As always, good news and bad news in autism this week. First the good news: an intervention given between 9-14 months of age in children with a high probability of having an autism diagnosis improved autism symptoms at 3 years of age. Now the bad: mothers who experience severe childhood abuse are more likely to have a child with an autism diagnosis. Why? A new study explains it might have a lot to do with autism traits in the parents. We would love to hear your thoughts on the results, please provide them in the comment section.
Happy New Year! Over the holiday break, a the largest study so far including the most number of countries analyzed the risk of having a c-section and autism. They found a consistent increase risk that wasn’t due to cause of the c-section or the age of the infant (preemie or term). So what is going on? This week’s podcast warns against the unintended consequences of linking c-sections to autism and offers an explanation of the findings in addition to what the study authors provide.
In addition to risks of anxiety, ADHD, mood disorders and other psychiatric issues, people with autism (and their siblings) show increased risk of substance abuse issues. This information comes from a large scandanavian registry study that included over 26,000 individuals with ASD. On this week’s podcast I discuss what this means for people with autism and their family members.
On Monday the 1st, a consensus statement from over 50 expert scientists was published that collectively emphasized the link between toxic chemicals and neurodevelopment disorders like autism, learning disabilities and ADHD. In this podcast, we want to help you understand why this is relevant for autism. If you want to learn more about this statement and read about specific actions that can be taken to minimize exposures to these chemicals, go to www.projecttendr.com. We will also be having a live chat about it on July 11th at 2PM EST.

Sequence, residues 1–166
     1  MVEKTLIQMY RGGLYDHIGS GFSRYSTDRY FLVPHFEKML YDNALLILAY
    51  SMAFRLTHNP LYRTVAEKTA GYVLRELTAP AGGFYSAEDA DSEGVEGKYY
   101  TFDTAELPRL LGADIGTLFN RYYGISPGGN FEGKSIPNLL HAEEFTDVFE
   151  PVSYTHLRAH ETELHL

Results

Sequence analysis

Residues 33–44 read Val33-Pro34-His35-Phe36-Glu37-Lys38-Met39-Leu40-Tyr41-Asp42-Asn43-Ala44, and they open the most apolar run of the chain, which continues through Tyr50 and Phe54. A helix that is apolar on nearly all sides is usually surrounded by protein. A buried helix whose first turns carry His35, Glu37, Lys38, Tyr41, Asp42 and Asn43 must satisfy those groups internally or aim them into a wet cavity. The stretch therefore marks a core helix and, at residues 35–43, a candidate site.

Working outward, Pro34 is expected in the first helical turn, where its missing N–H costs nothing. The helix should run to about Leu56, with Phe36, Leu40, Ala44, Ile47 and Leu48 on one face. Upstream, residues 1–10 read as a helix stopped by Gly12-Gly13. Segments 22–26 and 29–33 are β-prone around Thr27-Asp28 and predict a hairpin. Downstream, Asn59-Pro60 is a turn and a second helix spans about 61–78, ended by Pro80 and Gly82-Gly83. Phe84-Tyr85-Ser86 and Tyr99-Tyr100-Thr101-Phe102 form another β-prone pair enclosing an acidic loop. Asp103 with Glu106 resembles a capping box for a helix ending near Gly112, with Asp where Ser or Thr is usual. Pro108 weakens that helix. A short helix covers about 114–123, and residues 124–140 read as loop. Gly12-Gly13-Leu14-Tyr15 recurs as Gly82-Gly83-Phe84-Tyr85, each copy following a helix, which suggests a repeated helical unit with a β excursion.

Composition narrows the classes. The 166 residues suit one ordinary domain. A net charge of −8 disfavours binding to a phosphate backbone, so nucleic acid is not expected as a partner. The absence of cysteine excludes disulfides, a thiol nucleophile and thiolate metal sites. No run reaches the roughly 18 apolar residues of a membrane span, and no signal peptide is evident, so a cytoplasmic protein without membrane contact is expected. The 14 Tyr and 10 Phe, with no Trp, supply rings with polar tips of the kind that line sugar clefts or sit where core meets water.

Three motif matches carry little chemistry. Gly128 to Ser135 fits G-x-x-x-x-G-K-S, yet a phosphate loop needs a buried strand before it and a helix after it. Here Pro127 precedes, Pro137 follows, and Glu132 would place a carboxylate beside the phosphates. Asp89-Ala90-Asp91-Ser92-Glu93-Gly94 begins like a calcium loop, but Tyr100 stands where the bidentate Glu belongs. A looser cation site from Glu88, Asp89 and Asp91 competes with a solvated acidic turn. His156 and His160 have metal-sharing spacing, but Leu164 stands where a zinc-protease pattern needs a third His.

This was a very genetics-centric week because of two exciting new publications that focused on genetic risk factors. In the first, Dr. William Brandler at UCSD demonstrates that mutations in autism risk genes come in all sorts of different forms, but they must be in the right genes to lead to a diagnosis. Just having different mutations is not enough. Also, in an intriguing analysis led by Dr. Elise Robinson at the Broad Institute (and also summarized on SpectrumNews), she looked at these autism risk genes in people without autism and found that we all have them. Reiterating what Dr. Brandler found, she showed that the spectrum of autism genetics may be broader than the spectrum of an autism diagnosis. It may explain symptoms of autism without a diagnosis in family members as well.